George Washington Papers

To George Washington from Guy Carleton, 7 July 1782

New York July 7th 1782


However convinced of your Excellency’s disposition, yet it gave me much Satisfaction to be confirmed therein by your Letter of the 22d of June, wherein you say, that it woud make you happy if any Measures can be adopted for humanizing, as much as possible, the Calamities attendant on a State of War. But you are also pleased to say, Resort must be had to the Civil Power, the Laws complained of having been passed without your Agency, and not being under your Controul. I feel the full Force of this Argument, and shall be content to take any means which can procure the desired End. I must observe however, that as these Laws are considered by me, and in fact are, more Instruments of War, so I think, Sir, that on occasion of any Conference with the Civil Power on this Subject, it will be necessary (as the Army is so deeply engaged in the Question), that you should at least have some confidential Officer to assist in the Attainment of a purpose, which I am persuaded we both, with equal Earnestness, desire, nor can I apprehend any difficulty in the Attainment. There are Questions which require only that they should be proposed, to Men of sound Judgment and dispassionate Minds, that they may be assented to. The difficulties with me, Sir, are, as to the mode, and I see no reason why I should not frankly call upon you for Assistance. Am I, Sir, to apply to Congress, that Persons appointed by me, may be admitted to Conferences at Philadelphia? Or can any Deputation be sent by Congress to your Camp for this purpose, to be there met by Persons empowered by me? Or will you Sir, undertake to manage our common Interest? All I wish for is, that an End in which our common Honor & Humanity is engaged may be substantially obtained.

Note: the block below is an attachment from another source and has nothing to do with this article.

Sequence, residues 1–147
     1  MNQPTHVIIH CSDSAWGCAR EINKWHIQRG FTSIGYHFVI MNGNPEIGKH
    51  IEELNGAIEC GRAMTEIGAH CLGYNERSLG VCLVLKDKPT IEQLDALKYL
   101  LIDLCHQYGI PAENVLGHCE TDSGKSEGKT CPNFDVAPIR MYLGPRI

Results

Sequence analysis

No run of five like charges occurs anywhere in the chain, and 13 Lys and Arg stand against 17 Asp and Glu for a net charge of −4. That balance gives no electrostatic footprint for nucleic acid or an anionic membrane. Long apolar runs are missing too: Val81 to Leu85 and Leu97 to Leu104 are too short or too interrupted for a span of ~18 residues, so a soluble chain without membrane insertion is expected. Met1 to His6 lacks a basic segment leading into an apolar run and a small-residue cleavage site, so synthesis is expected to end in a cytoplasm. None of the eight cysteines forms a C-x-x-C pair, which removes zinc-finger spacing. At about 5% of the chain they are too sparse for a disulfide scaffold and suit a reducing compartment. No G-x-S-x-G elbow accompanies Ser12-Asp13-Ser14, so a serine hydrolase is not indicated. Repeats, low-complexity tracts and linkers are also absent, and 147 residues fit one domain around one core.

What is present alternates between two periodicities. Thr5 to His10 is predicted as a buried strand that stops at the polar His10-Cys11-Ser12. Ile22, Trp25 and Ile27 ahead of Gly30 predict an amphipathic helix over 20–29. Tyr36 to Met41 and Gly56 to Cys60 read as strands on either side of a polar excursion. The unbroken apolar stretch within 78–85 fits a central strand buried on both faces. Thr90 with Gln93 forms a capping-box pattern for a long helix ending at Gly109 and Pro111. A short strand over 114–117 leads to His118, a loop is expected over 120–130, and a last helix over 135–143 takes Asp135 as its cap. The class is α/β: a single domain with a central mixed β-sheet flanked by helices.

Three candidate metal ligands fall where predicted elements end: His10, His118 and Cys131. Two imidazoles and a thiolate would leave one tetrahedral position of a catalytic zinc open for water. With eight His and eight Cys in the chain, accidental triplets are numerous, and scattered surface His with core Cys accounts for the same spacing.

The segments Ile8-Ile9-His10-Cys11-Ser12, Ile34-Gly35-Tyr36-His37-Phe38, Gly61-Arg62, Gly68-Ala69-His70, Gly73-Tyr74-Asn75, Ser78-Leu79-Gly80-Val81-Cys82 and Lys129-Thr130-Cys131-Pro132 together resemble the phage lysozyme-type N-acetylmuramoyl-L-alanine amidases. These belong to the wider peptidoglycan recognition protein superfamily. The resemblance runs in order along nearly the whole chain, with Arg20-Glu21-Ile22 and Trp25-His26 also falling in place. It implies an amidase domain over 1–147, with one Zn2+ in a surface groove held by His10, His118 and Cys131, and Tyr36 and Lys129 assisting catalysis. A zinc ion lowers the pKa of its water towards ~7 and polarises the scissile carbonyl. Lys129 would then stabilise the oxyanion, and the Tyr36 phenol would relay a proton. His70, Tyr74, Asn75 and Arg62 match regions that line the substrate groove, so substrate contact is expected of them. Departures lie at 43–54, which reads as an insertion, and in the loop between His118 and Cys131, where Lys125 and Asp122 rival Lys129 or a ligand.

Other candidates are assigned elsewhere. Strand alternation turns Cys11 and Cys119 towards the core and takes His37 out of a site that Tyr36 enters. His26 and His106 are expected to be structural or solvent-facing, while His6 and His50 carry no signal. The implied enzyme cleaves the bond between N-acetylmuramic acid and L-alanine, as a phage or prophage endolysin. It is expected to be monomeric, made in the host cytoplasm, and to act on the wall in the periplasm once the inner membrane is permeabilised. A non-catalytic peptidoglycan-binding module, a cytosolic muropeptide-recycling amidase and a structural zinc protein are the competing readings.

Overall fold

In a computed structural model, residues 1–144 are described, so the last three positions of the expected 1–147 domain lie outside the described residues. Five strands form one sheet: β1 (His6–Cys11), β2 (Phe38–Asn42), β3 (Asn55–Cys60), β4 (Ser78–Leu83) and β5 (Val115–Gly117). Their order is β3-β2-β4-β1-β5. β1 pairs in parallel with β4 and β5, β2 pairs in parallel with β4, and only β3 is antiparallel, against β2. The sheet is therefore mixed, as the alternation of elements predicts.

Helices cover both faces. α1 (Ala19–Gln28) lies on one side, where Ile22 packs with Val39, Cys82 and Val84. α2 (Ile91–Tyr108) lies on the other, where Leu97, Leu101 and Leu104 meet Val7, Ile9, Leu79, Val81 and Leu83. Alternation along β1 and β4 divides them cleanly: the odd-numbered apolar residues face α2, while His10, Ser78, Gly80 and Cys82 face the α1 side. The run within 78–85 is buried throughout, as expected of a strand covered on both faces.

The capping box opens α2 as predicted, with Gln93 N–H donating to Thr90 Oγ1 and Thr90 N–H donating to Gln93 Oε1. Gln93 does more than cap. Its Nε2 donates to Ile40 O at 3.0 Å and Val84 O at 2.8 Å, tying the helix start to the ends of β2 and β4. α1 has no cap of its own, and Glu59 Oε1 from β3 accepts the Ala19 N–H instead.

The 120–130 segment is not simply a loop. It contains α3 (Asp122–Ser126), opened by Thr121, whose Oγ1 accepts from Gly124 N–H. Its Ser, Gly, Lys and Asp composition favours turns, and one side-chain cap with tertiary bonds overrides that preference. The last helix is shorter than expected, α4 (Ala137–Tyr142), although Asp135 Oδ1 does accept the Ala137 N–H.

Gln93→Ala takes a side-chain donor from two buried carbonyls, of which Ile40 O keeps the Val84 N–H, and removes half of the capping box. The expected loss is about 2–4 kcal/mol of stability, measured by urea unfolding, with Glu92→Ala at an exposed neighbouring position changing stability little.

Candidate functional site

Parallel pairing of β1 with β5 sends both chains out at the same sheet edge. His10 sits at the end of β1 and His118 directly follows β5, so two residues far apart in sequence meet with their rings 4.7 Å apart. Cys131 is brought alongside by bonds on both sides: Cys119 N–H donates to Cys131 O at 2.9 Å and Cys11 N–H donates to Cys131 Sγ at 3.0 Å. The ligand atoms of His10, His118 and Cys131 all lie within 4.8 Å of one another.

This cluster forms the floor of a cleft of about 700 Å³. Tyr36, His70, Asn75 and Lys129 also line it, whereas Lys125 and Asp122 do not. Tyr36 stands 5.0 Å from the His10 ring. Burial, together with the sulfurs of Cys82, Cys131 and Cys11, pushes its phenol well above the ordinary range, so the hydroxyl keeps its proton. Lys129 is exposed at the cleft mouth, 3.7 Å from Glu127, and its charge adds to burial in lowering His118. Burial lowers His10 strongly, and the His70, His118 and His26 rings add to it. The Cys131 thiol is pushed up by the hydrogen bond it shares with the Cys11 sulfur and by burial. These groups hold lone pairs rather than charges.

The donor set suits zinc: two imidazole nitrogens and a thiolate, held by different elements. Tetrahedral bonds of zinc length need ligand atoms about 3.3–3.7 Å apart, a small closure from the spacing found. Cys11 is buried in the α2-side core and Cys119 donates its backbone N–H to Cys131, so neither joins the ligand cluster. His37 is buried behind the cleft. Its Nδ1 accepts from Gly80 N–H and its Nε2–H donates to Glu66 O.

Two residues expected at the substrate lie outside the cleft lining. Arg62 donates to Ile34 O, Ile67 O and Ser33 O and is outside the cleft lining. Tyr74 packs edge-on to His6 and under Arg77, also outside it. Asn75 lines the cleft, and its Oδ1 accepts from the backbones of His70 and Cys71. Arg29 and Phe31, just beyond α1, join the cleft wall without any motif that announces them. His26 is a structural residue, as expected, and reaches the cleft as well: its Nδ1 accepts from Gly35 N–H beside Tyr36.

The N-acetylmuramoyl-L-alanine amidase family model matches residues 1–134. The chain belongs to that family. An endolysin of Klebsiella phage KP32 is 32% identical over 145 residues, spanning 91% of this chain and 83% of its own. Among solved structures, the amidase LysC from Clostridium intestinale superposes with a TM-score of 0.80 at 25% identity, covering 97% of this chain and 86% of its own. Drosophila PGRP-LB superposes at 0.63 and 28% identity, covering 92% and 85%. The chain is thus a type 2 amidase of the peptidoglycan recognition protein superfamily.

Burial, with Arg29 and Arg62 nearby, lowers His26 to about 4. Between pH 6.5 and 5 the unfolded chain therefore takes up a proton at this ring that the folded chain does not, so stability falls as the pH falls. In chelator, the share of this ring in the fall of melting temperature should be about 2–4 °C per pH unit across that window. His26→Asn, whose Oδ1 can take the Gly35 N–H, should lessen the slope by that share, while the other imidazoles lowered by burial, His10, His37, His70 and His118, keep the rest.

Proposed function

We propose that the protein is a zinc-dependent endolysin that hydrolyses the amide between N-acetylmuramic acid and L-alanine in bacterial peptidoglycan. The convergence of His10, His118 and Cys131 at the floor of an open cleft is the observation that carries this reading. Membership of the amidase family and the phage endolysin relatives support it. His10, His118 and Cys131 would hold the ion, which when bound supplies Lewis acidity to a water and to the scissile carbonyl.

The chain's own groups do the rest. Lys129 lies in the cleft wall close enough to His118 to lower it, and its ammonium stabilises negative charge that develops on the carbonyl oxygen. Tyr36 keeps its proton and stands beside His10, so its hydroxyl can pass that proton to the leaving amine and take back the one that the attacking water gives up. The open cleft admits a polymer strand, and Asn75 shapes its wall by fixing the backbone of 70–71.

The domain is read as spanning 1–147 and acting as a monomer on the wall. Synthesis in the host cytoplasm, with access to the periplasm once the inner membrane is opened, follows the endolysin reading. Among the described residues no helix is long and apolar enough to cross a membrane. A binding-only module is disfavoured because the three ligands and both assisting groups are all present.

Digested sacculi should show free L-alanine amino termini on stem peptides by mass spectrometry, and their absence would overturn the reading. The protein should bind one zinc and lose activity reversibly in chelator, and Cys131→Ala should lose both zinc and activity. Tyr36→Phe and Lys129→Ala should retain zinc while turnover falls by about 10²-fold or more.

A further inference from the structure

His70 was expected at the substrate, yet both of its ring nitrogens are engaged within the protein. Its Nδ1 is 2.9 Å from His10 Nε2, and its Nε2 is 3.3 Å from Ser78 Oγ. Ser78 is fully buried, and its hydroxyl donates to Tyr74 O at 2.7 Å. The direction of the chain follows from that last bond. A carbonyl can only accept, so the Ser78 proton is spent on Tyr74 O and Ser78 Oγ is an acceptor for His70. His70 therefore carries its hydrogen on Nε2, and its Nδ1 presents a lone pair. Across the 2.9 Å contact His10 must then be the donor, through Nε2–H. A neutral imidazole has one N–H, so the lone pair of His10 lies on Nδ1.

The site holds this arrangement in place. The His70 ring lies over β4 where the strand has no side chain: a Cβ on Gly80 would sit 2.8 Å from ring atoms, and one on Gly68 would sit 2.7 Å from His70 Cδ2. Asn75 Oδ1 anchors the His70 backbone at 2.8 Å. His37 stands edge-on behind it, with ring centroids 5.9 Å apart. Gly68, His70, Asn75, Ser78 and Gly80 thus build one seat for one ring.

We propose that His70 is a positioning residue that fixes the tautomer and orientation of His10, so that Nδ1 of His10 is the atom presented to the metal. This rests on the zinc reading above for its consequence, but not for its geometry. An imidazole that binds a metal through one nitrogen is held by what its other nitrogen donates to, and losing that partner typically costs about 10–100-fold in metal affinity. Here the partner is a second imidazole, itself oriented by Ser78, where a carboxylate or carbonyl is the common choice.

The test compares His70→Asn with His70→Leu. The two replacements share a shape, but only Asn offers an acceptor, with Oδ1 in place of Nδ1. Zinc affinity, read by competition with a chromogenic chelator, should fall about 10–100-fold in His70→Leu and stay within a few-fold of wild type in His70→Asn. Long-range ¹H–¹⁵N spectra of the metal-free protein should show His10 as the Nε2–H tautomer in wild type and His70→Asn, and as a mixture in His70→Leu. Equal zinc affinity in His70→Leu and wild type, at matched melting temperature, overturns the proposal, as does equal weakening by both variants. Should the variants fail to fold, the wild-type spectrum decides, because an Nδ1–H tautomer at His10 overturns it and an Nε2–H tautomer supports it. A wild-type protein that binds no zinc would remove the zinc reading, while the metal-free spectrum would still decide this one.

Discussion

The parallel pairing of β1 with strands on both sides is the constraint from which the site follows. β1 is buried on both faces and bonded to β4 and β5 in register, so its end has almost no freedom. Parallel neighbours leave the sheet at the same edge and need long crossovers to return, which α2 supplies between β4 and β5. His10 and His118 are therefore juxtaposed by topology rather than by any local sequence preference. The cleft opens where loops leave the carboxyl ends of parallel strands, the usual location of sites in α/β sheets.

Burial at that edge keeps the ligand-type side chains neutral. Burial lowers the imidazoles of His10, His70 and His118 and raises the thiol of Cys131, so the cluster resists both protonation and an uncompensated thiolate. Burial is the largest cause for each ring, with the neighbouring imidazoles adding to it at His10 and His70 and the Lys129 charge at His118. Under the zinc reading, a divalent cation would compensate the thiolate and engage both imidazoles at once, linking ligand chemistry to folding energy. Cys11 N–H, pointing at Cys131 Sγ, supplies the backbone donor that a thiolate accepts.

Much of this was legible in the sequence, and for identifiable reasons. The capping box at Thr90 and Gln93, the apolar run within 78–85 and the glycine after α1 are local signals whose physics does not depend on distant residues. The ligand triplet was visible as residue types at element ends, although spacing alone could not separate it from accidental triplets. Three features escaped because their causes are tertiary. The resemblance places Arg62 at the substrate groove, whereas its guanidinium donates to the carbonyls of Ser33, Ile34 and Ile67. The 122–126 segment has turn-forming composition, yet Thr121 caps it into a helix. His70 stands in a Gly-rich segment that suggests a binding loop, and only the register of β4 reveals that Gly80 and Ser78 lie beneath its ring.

I shall take this Opportunity to inform your Excellency, I have learned within these few Days, that Clergymen, Physicians, Surgeons and Apothecaries, have been considered as Prisoners of War, and paroled accordingly, this I am sure requires only the bare mention to be reformed. These Paroles, if your Excellency concurs, may in public Orders be discharged, and in future forbid, as erroneous & contrary to the Customs of War.

I am further to inform you, Sir, that the Court Martial upon Lippencot for the Murder of Huddy, has given in it’s Judgment, and the Minutes of the Trial, which are long, I shall order to be copied & sent to your Excellency, accompanied by some other documents.

I have just learned from a Letter written by your Commissary General of Prisoners, that your Objection to an Exchange of Land for Naval Prisoners, is, that it wou’d give us a great and permanent Strength for which you cou’d receive no adequate Compensation. To remove this Objection, I propose, that (all Exchange of Men of the same description being exhausted) Sailor and Soldier, shall be immediately exchanged, Man for Man, against each other, with this Condition annexed, that your Sailors shall be at liberty to serve the Moment they are exchanged, and the Soldiers so received by us, shall not serve in, nor against, the thirteen Provinces for one Year, a Period which I trust will extend beyond our present Contentions. This I think throws the Advantage entirely into your Hands, but I do not think this Inequality of Importance enough to weigh against the Imprisonment of so many Men on both Sides, for Imprisonment itself, attended with its necessary Conditions, is, in this Season especially, a Calamity which ought not to be imposed, nor protracted, for political Niceties. I am, Sir, Your Excellency’s Most obedient and Most humble Servant

Guy Carleton

DLC: Papers of George Washington.

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